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Suicide is the biggest killer of men under the age of fifty.  Three out of four suicides in the UK are carried out by men.  Yet only a reported 36% of men who suffer with a mental illness seek professional help.

Given that every one of us is likely to struggle with some form of mental illness in our lifetime, where do you fit into those stats?  Are you fighting off anxiety and depression right now?  Are you suffering ongoing, low moods?  Are you fearful of the future and feel as though you’ve completely lost your joy?

If so, it’s time to look for help.  You need to speak to someone and start on your path back to mental wellness.

How do you find a good therapist, though?  We’ve all heard of the ‘quack’ shrinks and the do-gooders … does counselling really work?  What’s more, if you’re like a lot of other men, you don’t know how to talk in an ‘opened up’ sort of way in any case.  How is a complete stranger going to be able to help you do that?  It’s bad enough feeling the way you do now without your throwing money at it, too, right?

Newsflash:  counselling can and very often does work.  Leave the ‘opening up’ bit to your counsellor to worry about.  Just find him or her and book your first session.  Here’s how …


This is the obvious place to start.  You don’t have to tell the world what you’re going through (besides, opening up isn’t your strong point anyway, right?) but given the stats, about three quarters of your male circle of colleagues and friends have experienced depression or anxiety, too.  A third of them have sought professional help.

Choose someone whom you trust and say, “I’m considering counselling.  Is there someone you know who’s done this that might be able to give me a name?”  That way, you’re opening up a little about yourself (everybody loves to feel confided in) and you’re avoiding putting them on the spot to feel that they have to open up too – although you’re offering them a chance to do so.


Finding the right person to help you through this is a personal investment.  It’s no good finding just any old person who pops up on a local online search.  Be prepared to travel to see the right one.  It’s not to say that the right one definitely won’t be local to you; if they’re not, though, you need to be committed to doing this for yourself and prepared to put out a bit.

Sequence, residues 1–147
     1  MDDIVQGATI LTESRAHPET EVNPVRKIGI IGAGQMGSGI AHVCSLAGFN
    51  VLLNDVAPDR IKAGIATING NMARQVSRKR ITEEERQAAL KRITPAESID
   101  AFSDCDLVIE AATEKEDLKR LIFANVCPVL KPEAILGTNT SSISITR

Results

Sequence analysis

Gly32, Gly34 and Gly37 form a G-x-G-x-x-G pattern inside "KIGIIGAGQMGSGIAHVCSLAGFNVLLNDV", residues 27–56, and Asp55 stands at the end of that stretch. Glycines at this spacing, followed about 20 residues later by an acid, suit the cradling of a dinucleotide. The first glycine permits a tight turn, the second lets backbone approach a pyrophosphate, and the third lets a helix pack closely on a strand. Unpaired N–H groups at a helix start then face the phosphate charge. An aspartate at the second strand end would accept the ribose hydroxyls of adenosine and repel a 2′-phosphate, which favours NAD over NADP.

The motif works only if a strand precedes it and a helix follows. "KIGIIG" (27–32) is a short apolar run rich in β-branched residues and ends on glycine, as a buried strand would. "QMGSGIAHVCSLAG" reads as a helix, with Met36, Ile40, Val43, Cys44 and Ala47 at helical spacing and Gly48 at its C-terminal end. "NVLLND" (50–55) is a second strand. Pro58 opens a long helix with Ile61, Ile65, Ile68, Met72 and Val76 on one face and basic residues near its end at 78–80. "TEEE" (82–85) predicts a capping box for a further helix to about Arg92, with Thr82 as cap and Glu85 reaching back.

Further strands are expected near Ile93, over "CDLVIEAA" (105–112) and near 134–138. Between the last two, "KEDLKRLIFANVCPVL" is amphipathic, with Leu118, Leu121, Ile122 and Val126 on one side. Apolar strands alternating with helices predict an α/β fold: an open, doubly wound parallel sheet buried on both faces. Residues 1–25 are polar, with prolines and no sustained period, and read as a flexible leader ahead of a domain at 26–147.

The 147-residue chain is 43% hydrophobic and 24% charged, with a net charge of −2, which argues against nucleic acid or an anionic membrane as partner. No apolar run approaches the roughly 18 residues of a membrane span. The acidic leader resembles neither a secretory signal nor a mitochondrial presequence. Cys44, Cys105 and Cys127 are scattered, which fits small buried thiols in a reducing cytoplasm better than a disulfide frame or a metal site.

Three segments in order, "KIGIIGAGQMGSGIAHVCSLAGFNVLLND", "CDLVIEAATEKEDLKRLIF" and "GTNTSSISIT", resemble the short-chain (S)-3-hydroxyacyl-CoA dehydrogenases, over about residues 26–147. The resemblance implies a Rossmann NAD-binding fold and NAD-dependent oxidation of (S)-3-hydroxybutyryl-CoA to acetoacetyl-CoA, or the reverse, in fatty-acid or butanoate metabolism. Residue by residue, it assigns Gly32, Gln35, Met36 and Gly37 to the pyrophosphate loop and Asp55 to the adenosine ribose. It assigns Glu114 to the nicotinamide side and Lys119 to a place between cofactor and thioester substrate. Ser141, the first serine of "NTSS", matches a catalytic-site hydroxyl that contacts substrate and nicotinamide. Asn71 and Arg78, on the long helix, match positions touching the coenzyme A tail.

How are the therapists you’re researching online presenting themselves?  The ones whom you should avoid wave their own red flags inadvertently.  Pay attention to that small voice of intuition if they advertise online with glamour shots, hard sell advertisement copy (you know the kind) or pictures of themselves on speedboats, snowboarding, hot air ballooning or anything else that speaks more about their lifestyle than their patients’ issues.


Many counsellors offer a free, fifteen-minute conversation in the first instance to find out what you need and to see if the ‘fit’ between the two of you is right.  Take it – it’s the most practical way for you to find out without investment if this is the right support for you.


During that initial call, make sure you ask the important questions.  What are their qualifications?  Are they licensed?  (Note that many counsellors are not, although in the UK particularly counselling practice is well-regulated.)   What is their field?  There are several that you can read about here[1] – cognitive, mindfulness, existential, gestalt … the list is seemingly endless but a counsellor worth his or her salt will be able to advise you which would be a good option for you.


When you’re in the early stages of seeing a therapist or counsellor, make sure that you tune in to how you’re feeling about the process.  Of course, it’s likely to feel awkward in the first instance as you’re not accustomed to talking about your feelings and thoughts yet; put that aside for now, though, and focus on whether you feel comfortable with the person you’re talking to.

Are they warm, accommodating and paying close attention to you?  What is their body language like?  How does the room feel?  Is it welcoming and restful, or is it adorned with awards, certificates and more of those infernal glamour shots and pictures of their latest safari trip?

Remember, this is supposed to be about you, not them.


Once you’ve had a look around and chatted with a few different therapists you should be ready to try out one for long enough to make an informed decision.  Do you stay with them or do you resume your search?

It’s perfectly alright if you do – this is a part of the process.  What’s not alright is your giving up if you don’t find someone straight away.  Remember – it’s your mental health that’s on the line:  you have promised yourself to invest some time, effort and money if need be to give yourself the help that you definitely need.

Healing is not going to happen overnight.  Recovering from depression and dealing with a pattern of anxious thoughts takes time.  Sometimes it takes months, sometimes years … for everyone it’s different.

You can and will recover, though.  You’re taking the right steps to see to it that you do.  You’re in good company, too.  With a little research and a bit of courage to start talking, you’ll discover many other men who’ve discovered and proved that depression does not have to become a death sentence.



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